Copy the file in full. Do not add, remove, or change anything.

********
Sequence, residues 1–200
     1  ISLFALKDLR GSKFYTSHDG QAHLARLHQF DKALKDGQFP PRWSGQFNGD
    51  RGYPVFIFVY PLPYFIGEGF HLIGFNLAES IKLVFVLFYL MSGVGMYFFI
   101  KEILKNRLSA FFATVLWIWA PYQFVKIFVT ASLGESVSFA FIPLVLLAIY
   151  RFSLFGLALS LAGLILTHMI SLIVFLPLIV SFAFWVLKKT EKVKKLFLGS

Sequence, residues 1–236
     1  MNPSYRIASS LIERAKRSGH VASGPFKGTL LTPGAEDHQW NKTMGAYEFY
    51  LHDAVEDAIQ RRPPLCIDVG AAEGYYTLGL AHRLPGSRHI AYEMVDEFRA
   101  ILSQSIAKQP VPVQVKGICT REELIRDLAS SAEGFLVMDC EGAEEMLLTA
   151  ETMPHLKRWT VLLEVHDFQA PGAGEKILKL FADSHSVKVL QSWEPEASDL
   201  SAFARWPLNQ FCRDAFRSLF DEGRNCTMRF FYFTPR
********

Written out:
Sequence, residues 1–200
     1  ISLFALKDLR GSKFYTSHDG QAHLARLHQF DKALKDGQFP PRWSGQFNGD
    51  RGYPVFIFVY PLPYFIGEGF HLIGFNLAES IKLVFVLFYL MSGVGMYFFI
   101  KEILKNRLSA FFATVLWIWA PYQFVKIFVT ASLGESVSFA FIPLVLLAIY
   151  RFSLFGLALS LAGLILTHMI SLIVFLPLIV SFAFWVLKKT EKVKKLFLGS

Sequence, residues 1–236
     1  MNPSYRIASS LIERAKRSGH VASGPFKGTL LTPGAEDHQW NKTMGAYEFY
    51  LHDAVEDAIQ RRPPLCIDVG AAEGYYTLGL AHRLPGSRHI AYEMVDEFRA
   101  ILSQSIAKQP VPVQVKGICT REELIRDLAS SAEGFLVMDC EGAEEMLLTA
   151  ETMPHLKRWT VLLEVHDFQA PGAGEKILKL FADSHSVKVL QSWEPEASDL
   201  SAFARWPLNQ FCRDAFRSLF DEGRNCTMRF FYFTPR